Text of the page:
Imagine a typical garage. Likely it is a highly organized place. Most garages have shelves, cabinets, and other storage areas. A garage is a place where a lot of different things can happen because it is well organized. In addition to housing cars, most garages also serve as work spaces. Often they are a place for auto repairs or woodworking. A properly functioning garage provides plenty of space to efficiently accomplish several tasks.
Most garages look the same. They typically have a square or rectangular shape, concrete floors, unfinished walls, and a large door. Because they are designed to be functional, not artistic, little variety exists from garage to garage.
Garages are a place to accomplish tasks, not to grow things. If something is growing in your garage, you likely have a problem.
Now imagine a meadow. Nothing in a meadow is organized. This lack of control allows anything and everything to grow in a meadow. Meadows are completely random and completely disorganized. A meadow is not a place where tasks are accomplished. A meadow is a place you go when you have nothing to do.
Meadows are inviting places because of the incredible variety of growing plants. Even weeds contribute to the appeal of a meadow. The lack of organization and efficiency in the meadow help contribute to the wide variety of growth. The primary thing that happens in a meadow is growth. No systems exist, there are no processes; just wild, uncontrolled growth.
Small group programs at many churches resemble garages. Some small group programs resemble meadows.
"Garage Churches" organize their small groups from the top-down. Most decisions are made by staff. A great deal of what happens in groups and ministries happens via dictation. Systems and policies are put in place to ensure high efficiency. Usually, every group follows the same specific plan. The church developes a pattern, and every group is expected to squeeze into the pattern. Little or not room exists for creativity. Typically, organizational productivity takes precedent over personal growth. Victories are usually measured by accomplishment of the church goals and increased attendance or giving, rather than by personal life change.
"Meadow Churches" allow everyone to do what is right in their own eyes. Most decisions are made by individuals with little or no consideration as to how they might impact others. No one makes an effort to give direction or oversee any groups or ministries. No "big picture" plans or goals exist. Different groups regularly engage in "turf wars" because no one has a shared vision for the direction of the church. Every group makes their own plan. Each group is given the freedom to evaluate itself, make plans, and study material which is effective for the current needs of the group. Personal growth is given precedent over organizational productivity. The larger goals of the group take backseat to the growth and development of each person and group. Numbers and statistics are not nearly as important as personal and group stories.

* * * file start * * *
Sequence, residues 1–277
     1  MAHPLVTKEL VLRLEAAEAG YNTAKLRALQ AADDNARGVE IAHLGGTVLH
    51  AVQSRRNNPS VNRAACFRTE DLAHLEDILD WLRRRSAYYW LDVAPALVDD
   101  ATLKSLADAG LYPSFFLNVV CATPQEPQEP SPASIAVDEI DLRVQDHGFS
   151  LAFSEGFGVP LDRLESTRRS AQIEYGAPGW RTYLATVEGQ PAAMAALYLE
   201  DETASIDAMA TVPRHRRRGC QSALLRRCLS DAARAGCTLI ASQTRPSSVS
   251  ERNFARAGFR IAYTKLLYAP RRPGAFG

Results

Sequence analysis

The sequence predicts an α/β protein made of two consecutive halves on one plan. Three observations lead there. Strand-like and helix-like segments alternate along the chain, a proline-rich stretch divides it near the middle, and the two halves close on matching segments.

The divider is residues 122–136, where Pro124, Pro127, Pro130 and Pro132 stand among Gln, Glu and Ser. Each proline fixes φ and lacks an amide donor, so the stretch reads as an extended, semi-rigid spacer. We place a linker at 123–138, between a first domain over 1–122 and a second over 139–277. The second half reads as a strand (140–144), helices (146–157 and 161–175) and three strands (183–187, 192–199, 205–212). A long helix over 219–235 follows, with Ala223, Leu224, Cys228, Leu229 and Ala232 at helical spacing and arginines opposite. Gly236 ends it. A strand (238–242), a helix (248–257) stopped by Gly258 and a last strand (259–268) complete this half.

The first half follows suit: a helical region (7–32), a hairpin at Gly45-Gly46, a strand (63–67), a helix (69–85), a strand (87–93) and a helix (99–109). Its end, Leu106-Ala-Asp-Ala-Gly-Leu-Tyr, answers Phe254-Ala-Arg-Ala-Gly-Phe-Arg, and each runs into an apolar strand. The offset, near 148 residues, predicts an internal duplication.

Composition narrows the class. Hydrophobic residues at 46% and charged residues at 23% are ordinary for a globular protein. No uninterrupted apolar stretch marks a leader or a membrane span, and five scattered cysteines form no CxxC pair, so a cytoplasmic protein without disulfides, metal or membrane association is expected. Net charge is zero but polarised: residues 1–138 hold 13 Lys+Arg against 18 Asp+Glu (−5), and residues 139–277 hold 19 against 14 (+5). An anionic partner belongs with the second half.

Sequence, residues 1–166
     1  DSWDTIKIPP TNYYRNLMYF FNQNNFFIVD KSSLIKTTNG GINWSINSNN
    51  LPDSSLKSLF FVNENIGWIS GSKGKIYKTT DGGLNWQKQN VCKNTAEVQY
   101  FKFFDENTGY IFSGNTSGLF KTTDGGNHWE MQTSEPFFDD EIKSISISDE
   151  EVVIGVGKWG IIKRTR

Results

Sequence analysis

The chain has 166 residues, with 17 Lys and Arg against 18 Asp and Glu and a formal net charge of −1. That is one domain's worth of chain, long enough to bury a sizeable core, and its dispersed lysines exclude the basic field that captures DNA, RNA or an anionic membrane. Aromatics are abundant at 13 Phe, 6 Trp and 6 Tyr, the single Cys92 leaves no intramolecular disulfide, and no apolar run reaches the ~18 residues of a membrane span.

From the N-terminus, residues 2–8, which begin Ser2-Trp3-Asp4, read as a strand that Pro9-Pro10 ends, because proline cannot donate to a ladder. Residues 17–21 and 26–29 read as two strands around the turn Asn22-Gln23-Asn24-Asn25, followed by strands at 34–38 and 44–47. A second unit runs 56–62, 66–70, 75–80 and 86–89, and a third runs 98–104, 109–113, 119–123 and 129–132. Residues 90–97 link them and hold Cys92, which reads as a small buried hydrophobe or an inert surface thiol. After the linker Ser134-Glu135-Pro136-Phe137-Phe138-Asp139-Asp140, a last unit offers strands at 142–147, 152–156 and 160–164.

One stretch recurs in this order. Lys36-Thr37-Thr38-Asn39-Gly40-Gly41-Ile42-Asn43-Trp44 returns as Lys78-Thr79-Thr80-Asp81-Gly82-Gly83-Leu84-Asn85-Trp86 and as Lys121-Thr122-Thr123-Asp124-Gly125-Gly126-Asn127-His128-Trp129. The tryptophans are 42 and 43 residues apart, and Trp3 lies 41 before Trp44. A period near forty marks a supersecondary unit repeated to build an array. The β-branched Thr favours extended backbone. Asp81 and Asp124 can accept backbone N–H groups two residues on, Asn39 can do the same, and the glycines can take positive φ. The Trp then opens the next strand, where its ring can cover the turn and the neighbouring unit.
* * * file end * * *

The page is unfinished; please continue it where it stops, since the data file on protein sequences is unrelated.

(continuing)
Both the garage church and the meadow church have aspects that are desirable. However, both models also have clear weaknesses. We are trying to develop a ministry model at
We want people to grow, groups to grow,
Our goal is for groups to form through "organic multiplication" rather than "organizational recruiting". Basically, we want people to join groups because they want to, not just because we ask them to. LIFEgroups are usually composed of 8-12 individuals or 5-8 couples who gather formally and informally on a regular basis. However, LIFEgroups can be any size as long as their structure can support a balance of formative, caring, and missional activities.
Using the organic analogy, the ideal process for LIFEgroup formation might look like this:
- Germination. A group of people decide they would like to partner together for spiritual growth. They determine together to launch a new LIFEgroup.
- Formation. Having determined how they plan to be formative, caring, and missional together; they invite a few people to join them. At a given time, they launch their group.
- Invitation. Once the group is moving, they are careful to not lose sight of the ongoing need to expand their relationships to include others in the group. Living missionally will mean people are regularly being invited to and added to the group.
- Multiplication. Eventually a group will grow in two ways. They will grow numerically and reach a point where they can no longer foster the same type of relationships. They will also grow spiritually, and some group members will discover and develop the necessary gifts to launch and lead a new LIFEgroup. Rather than fear a divisive "split", the group should embrace and celebrate this growth as an opportunity to begin the process again by germinating a new group.
This is just a short overview of the process. Many of the details will be fleshed out later. Of course, some people will always desire to be placed into a group, either because they have no existing relational connections, or because their personality lends itself to such a process. For those people, we provide a guide to all our existing LIFEgroups, so they can find the group that is the best fit for them.